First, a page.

Similarly, on September 9, 2022, it disclosed that following intelligence received from the NNPCL Command and Control Centre Portal, operatives of the IGP-STFPIB proceeded to the Rumuekini Area of Port Harcourt, Rivers State, where they discovered a warehouse within a residential building, storing about 15,000 litres of petroleum products suspected to be illegally refined AGO stuffed in sacks.
Other products recovered included Mack Tanker, one plastic storage tank, one-barrel drum, and one pumping machine. The police revealed that one Franklin Osuagwu, 29, was arrested at the scene in connection with the offence.
The statement said samples of the products were collected for laboratory analysis while the suspects will be charged to court on conclusion of investigations for effective prosecution in line with extant laws.
It said, “The Inspector-General of Police restates emphatically that the Nigeria Police Force will not relent in enforcing all laws as it is statutorily empowered to do by effect of Section 4 (d) of the Police Act, 2020, and so charge all suspects arrested for oil theft and other related offences accordingly, without any prejudice.
“Also, the IGP has called for increased support particularly in expanding the scope of our courts and confer jurisdictional competence to hear petroleum and illegal bunkering matters, as well as provision of storage capacity for exhibits recovered during special operation pending the determination of a suit by the courts.”
Pipeline Surveillance: Diri, INC Resolve Tompolo, Asari, Ateke Rift
Bayelsa State Governor, Senator Douye Diri, leaders of the Ijaw National Congress (INC), and other stakeholders resolved conflicts arising from the pipeline surveillance contract awarded by the federal government to Tompolo.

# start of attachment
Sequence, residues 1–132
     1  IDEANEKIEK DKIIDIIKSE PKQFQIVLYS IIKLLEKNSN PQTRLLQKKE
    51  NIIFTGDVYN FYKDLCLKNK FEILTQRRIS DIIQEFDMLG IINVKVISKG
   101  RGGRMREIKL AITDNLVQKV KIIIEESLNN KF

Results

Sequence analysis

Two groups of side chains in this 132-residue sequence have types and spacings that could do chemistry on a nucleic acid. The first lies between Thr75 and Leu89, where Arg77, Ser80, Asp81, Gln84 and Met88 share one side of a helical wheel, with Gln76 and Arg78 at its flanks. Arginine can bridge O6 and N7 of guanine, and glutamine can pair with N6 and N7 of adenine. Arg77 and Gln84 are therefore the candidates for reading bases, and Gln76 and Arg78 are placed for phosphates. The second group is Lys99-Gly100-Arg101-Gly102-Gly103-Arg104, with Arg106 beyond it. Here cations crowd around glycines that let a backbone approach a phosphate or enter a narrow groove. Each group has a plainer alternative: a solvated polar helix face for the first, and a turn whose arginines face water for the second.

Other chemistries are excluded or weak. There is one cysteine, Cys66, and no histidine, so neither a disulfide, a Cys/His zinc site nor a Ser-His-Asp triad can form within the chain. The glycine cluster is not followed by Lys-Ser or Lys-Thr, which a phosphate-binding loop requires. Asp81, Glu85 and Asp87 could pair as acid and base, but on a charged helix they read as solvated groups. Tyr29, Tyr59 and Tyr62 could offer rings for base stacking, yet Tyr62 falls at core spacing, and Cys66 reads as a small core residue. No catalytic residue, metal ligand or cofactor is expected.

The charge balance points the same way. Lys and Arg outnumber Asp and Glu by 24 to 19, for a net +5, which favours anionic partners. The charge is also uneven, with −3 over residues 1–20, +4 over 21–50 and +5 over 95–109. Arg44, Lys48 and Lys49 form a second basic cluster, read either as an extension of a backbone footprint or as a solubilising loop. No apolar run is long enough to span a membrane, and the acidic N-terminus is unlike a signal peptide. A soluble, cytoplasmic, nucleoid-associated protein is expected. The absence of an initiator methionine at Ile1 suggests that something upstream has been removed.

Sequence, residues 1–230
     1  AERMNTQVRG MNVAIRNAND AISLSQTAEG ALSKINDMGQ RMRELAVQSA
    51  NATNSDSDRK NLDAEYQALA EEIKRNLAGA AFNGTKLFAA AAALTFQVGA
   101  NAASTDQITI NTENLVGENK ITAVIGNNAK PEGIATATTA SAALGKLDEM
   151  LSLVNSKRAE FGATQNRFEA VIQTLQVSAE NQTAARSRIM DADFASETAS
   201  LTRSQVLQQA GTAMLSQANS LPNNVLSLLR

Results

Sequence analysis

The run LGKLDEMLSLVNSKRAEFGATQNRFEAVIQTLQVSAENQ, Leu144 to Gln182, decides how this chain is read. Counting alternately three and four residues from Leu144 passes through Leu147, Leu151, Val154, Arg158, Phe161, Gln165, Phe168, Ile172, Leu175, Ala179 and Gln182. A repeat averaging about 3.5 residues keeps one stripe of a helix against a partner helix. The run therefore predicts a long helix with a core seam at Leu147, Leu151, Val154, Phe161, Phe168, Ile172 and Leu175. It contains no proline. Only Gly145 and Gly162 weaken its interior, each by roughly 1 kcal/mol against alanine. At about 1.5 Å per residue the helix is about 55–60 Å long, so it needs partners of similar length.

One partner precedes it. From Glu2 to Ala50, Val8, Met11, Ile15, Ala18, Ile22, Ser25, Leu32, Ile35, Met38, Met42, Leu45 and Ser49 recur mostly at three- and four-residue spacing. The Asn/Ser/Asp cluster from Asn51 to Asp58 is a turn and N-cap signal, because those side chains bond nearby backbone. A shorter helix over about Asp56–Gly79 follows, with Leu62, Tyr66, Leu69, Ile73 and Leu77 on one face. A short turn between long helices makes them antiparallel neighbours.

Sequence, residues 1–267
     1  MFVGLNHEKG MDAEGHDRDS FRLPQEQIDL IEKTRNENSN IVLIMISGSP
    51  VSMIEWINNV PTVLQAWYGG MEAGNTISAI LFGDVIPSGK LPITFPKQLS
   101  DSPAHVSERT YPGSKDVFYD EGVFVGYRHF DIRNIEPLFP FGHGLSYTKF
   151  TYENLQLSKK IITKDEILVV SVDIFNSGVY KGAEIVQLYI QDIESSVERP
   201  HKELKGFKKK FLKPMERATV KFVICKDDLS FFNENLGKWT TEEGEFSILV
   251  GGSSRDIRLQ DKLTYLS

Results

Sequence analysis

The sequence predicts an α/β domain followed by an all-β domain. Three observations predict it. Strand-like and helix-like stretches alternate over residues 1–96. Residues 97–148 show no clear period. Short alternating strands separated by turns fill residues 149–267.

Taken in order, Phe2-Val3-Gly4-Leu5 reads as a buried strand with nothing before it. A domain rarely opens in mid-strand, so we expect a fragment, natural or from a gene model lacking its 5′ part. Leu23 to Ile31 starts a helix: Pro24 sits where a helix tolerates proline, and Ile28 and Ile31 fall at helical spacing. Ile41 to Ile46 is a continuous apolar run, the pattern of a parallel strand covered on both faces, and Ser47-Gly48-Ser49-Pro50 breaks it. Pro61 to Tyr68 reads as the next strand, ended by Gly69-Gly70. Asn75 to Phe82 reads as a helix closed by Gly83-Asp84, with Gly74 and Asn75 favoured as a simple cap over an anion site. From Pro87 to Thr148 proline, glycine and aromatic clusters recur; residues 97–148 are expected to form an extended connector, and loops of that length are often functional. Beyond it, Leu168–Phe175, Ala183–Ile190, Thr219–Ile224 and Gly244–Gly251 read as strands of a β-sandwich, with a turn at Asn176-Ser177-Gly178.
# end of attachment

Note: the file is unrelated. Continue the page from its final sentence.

Diri also said leaders of the Ijaw nation and other ethnic nationalities in the Niger Delta had decided to work together to protect federal government’s facilities in the region.
The governor spoke at the weekend after a meeting of stakeholders of the Ijaw nation, led by the INC President, Professor Benjamin Okaba, at Government House, Yenagoa.
Diri noted that the meeting examined the various issues that threatened the unity of the Ijaw nation following the award of the pipeline surveillance contract to Tompolo’s firm. He explained that the meeting was held to foster peace and unity within Ijaw land and that all parties agreed to sheathe their swords.
Tompolo, King Ateke Tom, and Chief Dokubo Asari had representatives at the meeting.
Diri stated, “I am happy that the issue has been put behind us. Beyond building consensus, all hands must be on deck to protect the oil pipelines.
“Today, we have seen the end of the matter. Before now, there was a deafening silence in the INC. But today, that voice is resonating and I thank all Ijaw leaders that took it upon themselves to ensure that the Ijaws do not fight themselves.
“Tompolo and Asari are brothers. We have all come to a consensus to protect all federal presence, especially oil pipelines in the Niger Delta, as we sue for peace to attract development.”